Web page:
Keep scrolling for the FREE Cap Nap Blanket pattern below, and share your projects with me on Ravelry!
Cat Nap Blanket Details
FINISHED SIZE: 60″ long x 48″ wide
- 5 O’Go Bernat Blanket yarn in the color Milk & Honey
- 10mm Tunisian crochet hook – look for a rigid 13″ hook or a hook with 6″ cord
- Yarn needle
- Sub in traditional Bernat Blanket yarn is you can’t find or don’t want to use O’Go. You will need to choose coordinating colors to acheive the look of the Cat Nap blanket.
- To acheive the color changes, work each O’Go beginning with the gray end, and continue until the O’Go is exhausted. There are knots at the color changes – cut the knot out of the yarn and continue as if adding a new ball of yarn to your project.
This pattern uses the Tunisian crochet Join As You Go method for adding panels. If this technique is new to you, check out this tutorial video:
Cat Nap Blanket Pattern
- Starting with the gray end of the O’Go, chain 12. Pull up a loop in the back bump of the 2nd chain from the hook and each chain across the row. Yarn over and pull through one loop (chain 1 made). Yarn over and pull through 2 loops – repeat this step until there is only 1 loop left on the hook.
- For the next row, pull up a loop in the vertical bar of the next stitch, and each stitch across the row, and pull up a loop in both loops of the last stitch – there will be 12 loops on your hook. Yarn over and pull through one loop (chain 1 made). Yarn over and pull through 2 loops – repeat this step until there is only 1 loop left on the hook.
- Repeat Step 2 until you have 78 total rows.
- Slip stitch in the vertical bar of the next stitch, and each stitch across the row. Slip stitch under both loops of the last stitch. Fasten off your yarn and weave in any ends.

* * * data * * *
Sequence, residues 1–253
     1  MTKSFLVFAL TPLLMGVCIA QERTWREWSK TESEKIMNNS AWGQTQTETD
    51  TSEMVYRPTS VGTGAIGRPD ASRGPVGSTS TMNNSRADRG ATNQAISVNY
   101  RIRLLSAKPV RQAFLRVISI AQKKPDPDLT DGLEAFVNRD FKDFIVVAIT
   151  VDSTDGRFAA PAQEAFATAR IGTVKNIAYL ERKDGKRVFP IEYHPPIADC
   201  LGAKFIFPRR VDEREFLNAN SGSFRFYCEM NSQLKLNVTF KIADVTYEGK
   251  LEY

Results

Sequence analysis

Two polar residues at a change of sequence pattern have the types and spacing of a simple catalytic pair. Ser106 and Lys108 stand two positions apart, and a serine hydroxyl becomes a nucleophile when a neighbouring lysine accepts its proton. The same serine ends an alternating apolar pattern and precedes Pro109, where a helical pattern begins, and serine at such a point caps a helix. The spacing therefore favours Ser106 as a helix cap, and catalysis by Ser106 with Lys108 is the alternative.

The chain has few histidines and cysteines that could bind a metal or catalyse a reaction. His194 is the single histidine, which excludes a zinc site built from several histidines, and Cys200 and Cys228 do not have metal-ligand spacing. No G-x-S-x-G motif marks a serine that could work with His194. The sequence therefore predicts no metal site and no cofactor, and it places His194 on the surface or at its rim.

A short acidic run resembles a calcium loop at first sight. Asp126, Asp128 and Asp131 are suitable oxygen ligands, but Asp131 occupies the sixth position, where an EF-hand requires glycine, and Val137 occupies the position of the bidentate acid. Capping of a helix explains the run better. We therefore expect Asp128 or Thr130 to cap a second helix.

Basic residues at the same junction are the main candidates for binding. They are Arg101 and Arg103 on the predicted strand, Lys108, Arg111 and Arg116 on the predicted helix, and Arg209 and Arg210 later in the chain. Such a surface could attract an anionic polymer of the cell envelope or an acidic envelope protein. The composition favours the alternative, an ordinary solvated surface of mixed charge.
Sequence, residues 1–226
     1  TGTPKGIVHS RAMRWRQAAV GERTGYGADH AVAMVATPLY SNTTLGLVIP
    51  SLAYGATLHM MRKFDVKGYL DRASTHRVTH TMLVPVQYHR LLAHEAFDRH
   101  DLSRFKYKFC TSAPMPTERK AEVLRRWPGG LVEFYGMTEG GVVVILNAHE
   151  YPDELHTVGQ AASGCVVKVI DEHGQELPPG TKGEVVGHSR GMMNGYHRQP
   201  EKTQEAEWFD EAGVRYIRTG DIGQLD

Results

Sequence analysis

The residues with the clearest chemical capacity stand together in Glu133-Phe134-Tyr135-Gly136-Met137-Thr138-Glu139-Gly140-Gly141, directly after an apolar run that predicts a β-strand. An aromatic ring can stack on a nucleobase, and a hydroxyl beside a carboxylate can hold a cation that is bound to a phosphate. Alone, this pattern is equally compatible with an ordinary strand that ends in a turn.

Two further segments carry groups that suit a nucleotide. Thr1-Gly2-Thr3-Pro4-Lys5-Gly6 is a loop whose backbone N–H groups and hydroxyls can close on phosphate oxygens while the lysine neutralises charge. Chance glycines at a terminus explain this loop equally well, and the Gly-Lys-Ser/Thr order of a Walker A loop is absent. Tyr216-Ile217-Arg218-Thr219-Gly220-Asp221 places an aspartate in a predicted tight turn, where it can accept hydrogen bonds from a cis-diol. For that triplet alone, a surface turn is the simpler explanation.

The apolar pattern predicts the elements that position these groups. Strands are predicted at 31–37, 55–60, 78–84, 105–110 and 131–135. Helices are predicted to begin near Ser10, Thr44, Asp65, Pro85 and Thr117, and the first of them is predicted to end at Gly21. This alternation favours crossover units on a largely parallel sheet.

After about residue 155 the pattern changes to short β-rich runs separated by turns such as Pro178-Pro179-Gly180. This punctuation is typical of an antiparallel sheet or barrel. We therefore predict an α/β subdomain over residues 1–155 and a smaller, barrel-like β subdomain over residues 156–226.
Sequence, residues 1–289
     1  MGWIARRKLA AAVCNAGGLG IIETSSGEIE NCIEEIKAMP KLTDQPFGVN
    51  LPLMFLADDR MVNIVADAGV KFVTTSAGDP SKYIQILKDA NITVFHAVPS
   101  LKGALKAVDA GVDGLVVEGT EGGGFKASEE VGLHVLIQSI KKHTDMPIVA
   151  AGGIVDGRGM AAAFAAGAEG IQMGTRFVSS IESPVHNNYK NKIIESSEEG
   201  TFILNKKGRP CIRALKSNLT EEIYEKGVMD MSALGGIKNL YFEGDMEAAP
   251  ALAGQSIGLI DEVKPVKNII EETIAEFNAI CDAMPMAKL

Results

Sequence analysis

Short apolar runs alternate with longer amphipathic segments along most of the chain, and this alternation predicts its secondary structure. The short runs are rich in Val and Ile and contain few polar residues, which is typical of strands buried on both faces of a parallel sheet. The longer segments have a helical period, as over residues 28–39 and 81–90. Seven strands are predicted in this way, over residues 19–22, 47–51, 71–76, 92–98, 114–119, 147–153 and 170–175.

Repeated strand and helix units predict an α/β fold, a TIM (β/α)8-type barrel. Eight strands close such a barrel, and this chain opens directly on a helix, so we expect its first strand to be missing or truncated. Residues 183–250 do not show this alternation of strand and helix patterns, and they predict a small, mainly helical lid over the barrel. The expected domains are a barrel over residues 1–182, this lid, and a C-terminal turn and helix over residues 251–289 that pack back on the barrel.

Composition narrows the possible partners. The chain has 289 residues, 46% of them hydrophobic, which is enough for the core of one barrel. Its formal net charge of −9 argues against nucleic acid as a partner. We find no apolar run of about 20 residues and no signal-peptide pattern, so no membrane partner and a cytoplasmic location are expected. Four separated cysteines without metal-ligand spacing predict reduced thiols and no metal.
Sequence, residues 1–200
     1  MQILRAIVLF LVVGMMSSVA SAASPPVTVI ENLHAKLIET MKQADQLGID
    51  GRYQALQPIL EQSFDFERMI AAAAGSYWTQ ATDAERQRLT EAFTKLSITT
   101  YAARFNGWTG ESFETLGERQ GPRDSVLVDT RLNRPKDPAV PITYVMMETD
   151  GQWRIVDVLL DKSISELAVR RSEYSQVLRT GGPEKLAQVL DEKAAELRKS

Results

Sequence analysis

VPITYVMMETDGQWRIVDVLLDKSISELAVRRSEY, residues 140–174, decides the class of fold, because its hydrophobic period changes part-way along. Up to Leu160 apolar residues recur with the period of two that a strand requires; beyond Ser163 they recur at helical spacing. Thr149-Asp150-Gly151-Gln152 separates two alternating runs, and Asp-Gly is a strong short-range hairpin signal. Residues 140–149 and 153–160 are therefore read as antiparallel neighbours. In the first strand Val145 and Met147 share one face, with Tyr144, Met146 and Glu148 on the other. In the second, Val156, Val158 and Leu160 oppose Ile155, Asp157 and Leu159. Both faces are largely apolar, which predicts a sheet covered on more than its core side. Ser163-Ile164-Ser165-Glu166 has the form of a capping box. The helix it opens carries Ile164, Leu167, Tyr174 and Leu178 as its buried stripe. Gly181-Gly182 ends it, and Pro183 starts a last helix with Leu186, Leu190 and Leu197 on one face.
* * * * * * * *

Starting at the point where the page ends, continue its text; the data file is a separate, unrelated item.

- Using the yarn end from the bind off, join with a slip stitch in the last chain of the First Panel. Chain 12. Pull up a loop in the back bump of the 2nd chain from the hook and each chain across. Join to the First Panel (Don’t know how to do this? Watch the quick video embedded above.).
- Continue working in Tunisian simple stitch (pull up a loop in the vertical bar of the next stitch) for the entire panel, joining at the end of each row.
- Continue to create panels in this way until you have 8 panels.
Join with a standing double crochet in any corner. Double crochet around the blanket, placing 5 double crochet in each corner. Join with a slip stitch in the first double crochet. Fasten off and weave in the ends.
Cut remaining yarn in 15-inch lengths. Use two lengths of yarn to make a twisted tassel in every other stitch along both short sides of the blanket. Learn to make twisted tassels in THIS video.
Weave in any remaining ends. It helps to use a large metal tapestry needle for this step. Steam the sides of your blanket if they seem to be curling.
Find more FREE beginner Tunisian crochet projects here: